The future of biodiesel is almost certainly not with soy, canola, palm, and other edible plants. It's with algae, which is a non-edible plant that can be grown in lab conditions or on non-arable land, in large outdoor containers. It has a much higher yield of oil than rival biodiesel fuel stocks, and is already being produced for automobiles, jet engines, and so on. But for the time being, biodiesel comes from many different sources, and when attempting to understand its level of sustainability, one must know the amount of fossil fuel that was used to extract/grow, produce, and transport the biodiesel. To put it simply: biodiesel itself is, in theory, very sustainable, but, in practice, is only as sustainable as the processes that made it.
We produce and sell biodiesel because we believe in 1) energy independence, 2) environmentally sustainable fuel, 3) recycling, and 4) moving away from the fossil fuel paradigm. (We also love diesels!)
For our money, biodiesel offers the most viable way in which to drive sustainably.
Are biodiesel and ethanol the same thing?
No. However, both are biofuels. Ethanol, or ethyl alcohol, can be used in gasoline engines. It is made primarily in the United States, from corn, and in Brazil, from sugarcane. Ethanol has lower energy content than biodiesel, so it takes 1.5 units of ethanol to do the same amount of work that 1 unit of gasoline can do. Biodiesel, by contrast, is made from other sources and is used only in diesel engines. Biodiesel also has a higher energy content than ethanol. The question of whether ethanol is sustainable is an ongoing question. Originally, it was developed as an additive to gasoline, to serve as a replacement for lead. But production expanded widely in the United States. At the same time, Brazil sought energy independence by making ethanol from sugarcane. The question of whether these fuels are produce more energy than they take to produce remains a vexed question.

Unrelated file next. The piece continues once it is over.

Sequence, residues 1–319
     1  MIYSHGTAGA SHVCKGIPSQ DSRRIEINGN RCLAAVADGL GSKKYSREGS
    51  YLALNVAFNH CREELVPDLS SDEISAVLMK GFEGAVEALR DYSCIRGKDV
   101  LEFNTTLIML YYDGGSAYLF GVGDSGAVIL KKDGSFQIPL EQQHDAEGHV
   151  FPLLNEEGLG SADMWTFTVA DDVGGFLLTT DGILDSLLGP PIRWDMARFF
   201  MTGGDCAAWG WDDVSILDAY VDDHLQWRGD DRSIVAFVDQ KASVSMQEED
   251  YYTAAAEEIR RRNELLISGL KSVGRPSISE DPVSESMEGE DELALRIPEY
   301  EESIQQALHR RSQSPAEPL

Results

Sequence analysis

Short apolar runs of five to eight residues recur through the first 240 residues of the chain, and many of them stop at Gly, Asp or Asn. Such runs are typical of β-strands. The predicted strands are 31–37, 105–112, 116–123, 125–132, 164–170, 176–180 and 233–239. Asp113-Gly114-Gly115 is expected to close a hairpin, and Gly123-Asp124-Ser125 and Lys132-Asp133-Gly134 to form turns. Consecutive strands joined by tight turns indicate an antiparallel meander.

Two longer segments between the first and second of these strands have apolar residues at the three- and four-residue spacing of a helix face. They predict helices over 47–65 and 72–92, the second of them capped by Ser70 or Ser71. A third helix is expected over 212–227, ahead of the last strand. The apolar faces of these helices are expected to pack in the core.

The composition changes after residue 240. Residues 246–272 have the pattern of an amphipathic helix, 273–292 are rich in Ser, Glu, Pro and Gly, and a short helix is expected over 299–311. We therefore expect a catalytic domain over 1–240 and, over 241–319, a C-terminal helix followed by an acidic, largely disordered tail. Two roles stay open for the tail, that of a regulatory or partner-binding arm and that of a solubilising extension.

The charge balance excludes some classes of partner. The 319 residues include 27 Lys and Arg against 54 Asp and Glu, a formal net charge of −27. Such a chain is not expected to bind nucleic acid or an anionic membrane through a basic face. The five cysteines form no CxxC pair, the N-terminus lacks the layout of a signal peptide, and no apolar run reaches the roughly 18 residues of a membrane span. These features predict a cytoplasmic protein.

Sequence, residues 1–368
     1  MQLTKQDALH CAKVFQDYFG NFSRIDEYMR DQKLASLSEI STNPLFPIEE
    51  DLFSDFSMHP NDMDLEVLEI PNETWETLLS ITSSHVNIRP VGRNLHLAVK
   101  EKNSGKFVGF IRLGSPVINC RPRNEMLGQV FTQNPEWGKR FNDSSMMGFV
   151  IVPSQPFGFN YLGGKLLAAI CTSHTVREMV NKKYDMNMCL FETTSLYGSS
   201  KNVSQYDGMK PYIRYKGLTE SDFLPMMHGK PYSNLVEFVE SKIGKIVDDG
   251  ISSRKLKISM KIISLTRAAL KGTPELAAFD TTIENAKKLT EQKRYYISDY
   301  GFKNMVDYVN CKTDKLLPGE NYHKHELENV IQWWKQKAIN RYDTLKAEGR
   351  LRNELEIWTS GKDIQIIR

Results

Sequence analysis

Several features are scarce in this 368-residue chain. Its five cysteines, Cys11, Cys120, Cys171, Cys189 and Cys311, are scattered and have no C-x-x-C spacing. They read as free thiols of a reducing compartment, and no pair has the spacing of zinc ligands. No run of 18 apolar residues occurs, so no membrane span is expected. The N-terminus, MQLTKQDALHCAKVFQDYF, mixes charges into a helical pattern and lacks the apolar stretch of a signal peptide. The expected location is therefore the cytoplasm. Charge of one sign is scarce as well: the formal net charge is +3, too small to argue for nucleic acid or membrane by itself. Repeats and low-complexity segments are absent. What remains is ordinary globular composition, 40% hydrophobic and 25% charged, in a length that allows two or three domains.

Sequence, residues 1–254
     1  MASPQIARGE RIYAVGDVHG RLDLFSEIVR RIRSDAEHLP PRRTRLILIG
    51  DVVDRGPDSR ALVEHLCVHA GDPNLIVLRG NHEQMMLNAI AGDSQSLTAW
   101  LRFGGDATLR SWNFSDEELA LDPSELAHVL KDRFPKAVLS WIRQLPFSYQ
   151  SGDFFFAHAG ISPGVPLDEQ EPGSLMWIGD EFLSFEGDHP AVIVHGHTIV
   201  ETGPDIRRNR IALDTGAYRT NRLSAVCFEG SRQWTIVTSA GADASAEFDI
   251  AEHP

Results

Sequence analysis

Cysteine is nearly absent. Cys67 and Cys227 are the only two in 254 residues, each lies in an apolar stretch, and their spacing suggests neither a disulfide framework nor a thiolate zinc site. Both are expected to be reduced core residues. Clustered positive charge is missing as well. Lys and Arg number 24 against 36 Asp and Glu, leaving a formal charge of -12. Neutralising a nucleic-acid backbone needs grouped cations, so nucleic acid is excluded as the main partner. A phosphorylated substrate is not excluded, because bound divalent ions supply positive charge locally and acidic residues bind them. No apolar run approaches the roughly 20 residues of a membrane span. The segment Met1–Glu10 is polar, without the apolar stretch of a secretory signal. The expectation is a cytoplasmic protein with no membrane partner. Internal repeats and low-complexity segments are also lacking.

What about cold weather?
One of the drawbacks of biodiesel is that it coagulates or gels at a higher temperature than does petrodiesel. To get a sense of what this means, put your olive oil in the refrigerator. It will begin to get cloudy. Whereas regular diesel will work in -40C weather, biodiesel will not, which is a problem in cold-weather countries. To deal with this issue, biodiesel enthusiasts in colder climates tend to do one or more of the following during the winter months: add an engine heater to the car, put fuel additives in the biodiesel, and mix biodiesel with petrodiesel at a blend of about 50/50.
Luckily, since we live in the relatively mild weather of the gulf islands, we rarely deal with these bitterly cold temperatures. However, resistance to the cold is one of the reasons that we ordinarily sell only canola-based biodiesel to our members. We've found, over the years, that canola deals best with cold weather. It doesn't create problems in weather that is -10C, and can even be used in -15C, although fuel efficiency tends to drop a bit in cold temperatures. That is, in the Victoria area, it is fine to run B100 year round, although some of our members mix their biodiesel with diesel from November to March. That's fine, too.